Where to find the author:
Publisher: Judy Folger
Cover Artist: Judy Folger

After Kallie Moran's husband, Aaron, is killed in Iraq, Kallie asks her law firm to transfer her back to her home town so she can be close to her mother.

When her request is granted, she realizes that closeness to her mother also means closeness to her mother's dreadful sister, Bessie Benson.

Bessie is loud and crass, and her sons make a lifestyle of rotating in and out of the county jail. The only Benson that Kallie has ever been able to tolerate is her cousin, Andi. Andi, too, once dreamed of getting out of Brookville, but unlike Kallie, she never quite made it.

Now an out lesbian, Andi drags her intimidated partner, Della, to local bars and out-of-control family affairs. Della seems so miserable that Kallie finds herself reaching out to this beautiful, fragile-looking woman who just doesn't seem to belong among the Bensons.

As Kallie and Della become friends, Kallie witnesses the verbal and emotional abuse Andi heaps on Della. Then comes the terrible night when Andi is no longer able to confine herself to words and slams Della to the ground, permanently scarring her face.

Della flees to Kallie for protection. In relative safety, she struggles to face the fact that she is a victim of lesbian domestic violence. She is also falling hard for Kallie, her rescuer.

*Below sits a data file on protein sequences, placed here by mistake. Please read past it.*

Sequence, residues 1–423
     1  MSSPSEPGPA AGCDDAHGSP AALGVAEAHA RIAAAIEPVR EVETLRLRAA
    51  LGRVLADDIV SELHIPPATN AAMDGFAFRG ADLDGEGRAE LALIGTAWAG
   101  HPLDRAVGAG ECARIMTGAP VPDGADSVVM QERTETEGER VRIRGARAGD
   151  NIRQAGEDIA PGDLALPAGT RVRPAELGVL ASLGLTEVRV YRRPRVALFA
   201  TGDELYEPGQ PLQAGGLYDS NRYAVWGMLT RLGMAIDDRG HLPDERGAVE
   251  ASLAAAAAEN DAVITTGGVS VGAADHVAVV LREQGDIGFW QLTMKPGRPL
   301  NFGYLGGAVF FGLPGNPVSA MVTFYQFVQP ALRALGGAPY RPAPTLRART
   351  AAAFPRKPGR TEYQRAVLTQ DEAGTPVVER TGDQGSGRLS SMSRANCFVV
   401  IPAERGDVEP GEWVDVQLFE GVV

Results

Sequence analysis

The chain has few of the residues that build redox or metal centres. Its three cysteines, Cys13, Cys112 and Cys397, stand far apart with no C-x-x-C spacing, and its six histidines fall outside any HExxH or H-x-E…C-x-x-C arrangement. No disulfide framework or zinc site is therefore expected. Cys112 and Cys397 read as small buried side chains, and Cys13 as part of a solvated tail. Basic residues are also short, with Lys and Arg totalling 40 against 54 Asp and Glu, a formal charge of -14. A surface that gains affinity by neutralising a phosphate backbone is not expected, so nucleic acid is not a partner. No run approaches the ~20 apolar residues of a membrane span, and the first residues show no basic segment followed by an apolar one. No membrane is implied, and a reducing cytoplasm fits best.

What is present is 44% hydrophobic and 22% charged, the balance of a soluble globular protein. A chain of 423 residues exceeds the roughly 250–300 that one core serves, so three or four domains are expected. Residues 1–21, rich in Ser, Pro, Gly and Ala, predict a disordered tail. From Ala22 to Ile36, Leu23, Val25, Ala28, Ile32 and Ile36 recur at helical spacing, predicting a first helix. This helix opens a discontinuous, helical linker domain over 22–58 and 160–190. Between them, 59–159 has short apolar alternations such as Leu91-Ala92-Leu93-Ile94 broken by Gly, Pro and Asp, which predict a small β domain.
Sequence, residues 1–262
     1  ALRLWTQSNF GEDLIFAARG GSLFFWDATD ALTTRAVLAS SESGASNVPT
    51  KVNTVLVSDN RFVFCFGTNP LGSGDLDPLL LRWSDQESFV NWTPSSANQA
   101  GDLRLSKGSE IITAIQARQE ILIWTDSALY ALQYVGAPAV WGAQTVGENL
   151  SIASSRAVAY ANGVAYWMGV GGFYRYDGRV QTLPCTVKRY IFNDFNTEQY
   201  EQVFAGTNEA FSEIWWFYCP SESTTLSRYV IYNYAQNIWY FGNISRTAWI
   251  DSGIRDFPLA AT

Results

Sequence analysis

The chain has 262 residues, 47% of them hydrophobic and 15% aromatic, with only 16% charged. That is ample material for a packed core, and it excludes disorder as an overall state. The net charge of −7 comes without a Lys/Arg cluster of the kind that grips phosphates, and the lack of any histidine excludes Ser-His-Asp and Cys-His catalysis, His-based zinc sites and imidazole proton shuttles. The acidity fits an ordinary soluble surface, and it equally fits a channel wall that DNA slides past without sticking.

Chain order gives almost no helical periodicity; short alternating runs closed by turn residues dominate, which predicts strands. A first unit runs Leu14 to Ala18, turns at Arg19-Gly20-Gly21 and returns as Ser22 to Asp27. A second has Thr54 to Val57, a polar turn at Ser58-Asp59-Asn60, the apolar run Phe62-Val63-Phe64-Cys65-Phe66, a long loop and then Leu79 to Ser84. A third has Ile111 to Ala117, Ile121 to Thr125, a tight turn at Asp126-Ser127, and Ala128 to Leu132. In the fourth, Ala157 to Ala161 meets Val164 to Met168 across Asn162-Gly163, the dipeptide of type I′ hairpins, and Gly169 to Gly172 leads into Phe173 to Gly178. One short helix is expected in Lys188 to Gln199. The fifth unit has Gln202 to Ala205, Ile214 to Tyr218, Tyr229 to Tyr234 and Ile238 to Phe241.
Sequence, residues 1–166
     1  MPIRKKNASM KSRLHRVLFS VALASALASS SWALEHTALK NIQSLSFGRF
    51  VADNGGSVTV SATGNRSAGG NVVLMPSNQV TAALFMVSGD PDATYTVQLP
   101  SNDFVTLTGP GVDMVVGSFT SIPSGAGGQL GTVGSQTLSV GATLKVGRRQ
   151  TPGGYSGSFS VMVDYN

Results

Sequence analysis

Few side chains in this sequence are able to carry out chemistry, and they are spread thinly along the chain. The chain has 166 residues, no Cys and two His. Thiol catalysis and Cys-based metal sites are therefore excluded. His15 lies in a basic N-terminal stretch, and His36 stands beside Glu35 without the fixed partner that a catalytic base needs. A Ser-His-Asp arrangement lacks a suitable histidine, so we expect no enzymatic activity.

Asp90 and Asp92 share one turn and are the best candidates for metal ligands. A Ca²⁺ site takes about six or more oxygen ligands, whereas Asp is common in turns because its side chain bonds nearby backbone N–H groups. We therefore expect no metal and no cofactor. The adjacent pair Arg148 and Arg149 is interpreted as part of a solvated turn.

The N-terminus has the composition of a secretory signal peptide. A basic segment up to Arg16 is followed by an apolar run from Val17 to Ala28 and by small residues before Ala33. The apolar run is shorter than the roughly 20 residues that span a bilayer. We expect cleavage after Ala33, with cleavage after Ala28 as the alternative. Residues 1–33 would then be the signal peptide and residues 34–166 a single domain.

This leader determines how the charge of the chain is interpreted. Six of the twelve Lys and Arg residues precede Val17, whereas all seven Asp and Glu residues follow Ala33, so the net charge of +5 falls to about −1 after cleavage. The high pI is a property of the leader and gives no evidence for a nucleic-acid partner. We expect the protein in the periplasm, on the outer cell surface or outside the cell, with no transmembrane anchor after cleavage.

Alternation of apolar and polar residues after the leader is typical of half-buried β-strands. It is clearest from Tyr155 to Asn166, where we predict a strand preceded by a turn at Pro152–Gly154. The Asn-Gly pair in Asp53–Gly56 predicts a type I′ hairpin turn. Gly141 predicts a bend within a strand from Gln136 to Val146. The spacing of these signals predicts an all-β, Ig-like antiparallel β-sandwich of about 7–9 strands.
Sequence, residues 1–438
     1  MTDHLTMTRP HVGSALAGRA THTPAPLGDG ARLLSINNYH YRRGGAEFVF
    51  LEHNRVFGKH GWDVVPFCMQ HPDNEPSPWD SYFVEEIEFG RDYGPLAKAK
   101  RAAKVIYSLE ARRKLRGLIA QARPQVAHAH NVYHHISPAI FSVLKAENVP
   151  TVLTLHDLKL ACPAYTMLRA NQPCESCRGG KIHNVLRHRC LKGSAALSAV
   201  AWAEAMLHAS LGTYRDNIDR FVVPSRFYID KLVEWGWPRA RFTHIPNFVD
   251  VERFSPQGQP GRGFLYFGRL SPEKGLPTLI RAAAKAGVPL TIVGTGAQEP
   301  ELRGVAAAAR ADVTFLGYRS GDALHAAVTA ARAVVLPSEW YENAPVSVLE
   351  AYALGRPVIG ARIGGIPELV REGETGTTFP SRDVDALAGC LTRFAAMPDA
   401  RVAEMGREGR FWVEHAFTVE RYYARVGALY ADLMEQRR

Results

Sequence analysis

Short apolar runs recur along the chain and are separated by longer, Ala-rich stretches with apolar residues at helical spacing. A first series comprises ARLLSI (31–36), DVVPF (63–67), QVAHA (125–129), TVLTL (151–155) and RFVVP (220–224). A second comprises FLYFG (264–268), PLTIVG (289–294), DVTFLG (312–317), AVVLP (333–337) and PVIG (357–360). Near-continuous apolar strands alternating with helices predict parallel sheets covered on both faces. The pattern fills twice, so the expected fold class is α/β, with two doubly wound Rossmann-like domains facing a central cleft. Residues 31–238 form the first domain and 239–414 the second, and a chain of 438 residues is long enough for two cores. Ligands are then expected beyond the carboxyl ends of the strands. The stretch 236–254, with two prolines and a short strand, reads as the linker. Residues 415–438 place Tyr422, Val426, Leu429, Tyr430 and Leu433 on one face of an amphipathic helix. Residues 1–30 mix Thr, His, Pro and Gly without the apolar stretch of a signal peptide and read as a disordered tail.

Kallie, meanwhile, is keeping some secrets of her own. She wants to be with Della as much as Della wants to be with her, but she is afraid to embark on her first lesbian relationship.

Their love blossoms when Kallie risks her life to save Della from another of Andi's vicious attacks. But it doesn't take Andi long to realize she's been betrayed. Furious, drunk, and carrying her father's hand gun, she vows that this time she will REALLY make Della and Kallie pay. 

Categories: Contemporary, Fiction, Lesbian Romance, Lesbian Domestic Violence, Lesbian Abuse

Della leaned into Kallie so that their bodies were pressed close together. Kallie finally did what she had been wanting to do since the day she met Della. She reached up and tangled her fingers in that glorious, unruly hair. She had expected Della’s hair to be coarse, but it was soft and warm in her hands.

Then Della’s hands found her breases, and Kallie remembered where they were and what they were doing. It took every ounce of willpower that she’d ever possessed, but she withdrew from Della, backing into the wall at the end of the step. “We shouldn’t do this,” she said in a voice so hoarse with passion she scarcely recognized it.

Della’s green eyes reflected hurt and confusion. “Why not?”

“Because you’re my cousin’s partner.”

Della nodded sadly. “You’re right. I’m sorry. I’ll go.”

Kallie tried to think of something to say that would ease things between the two of them, but no words came to her mind. All she could do was watch as Della walked out the door.

Pages or Words: 40,000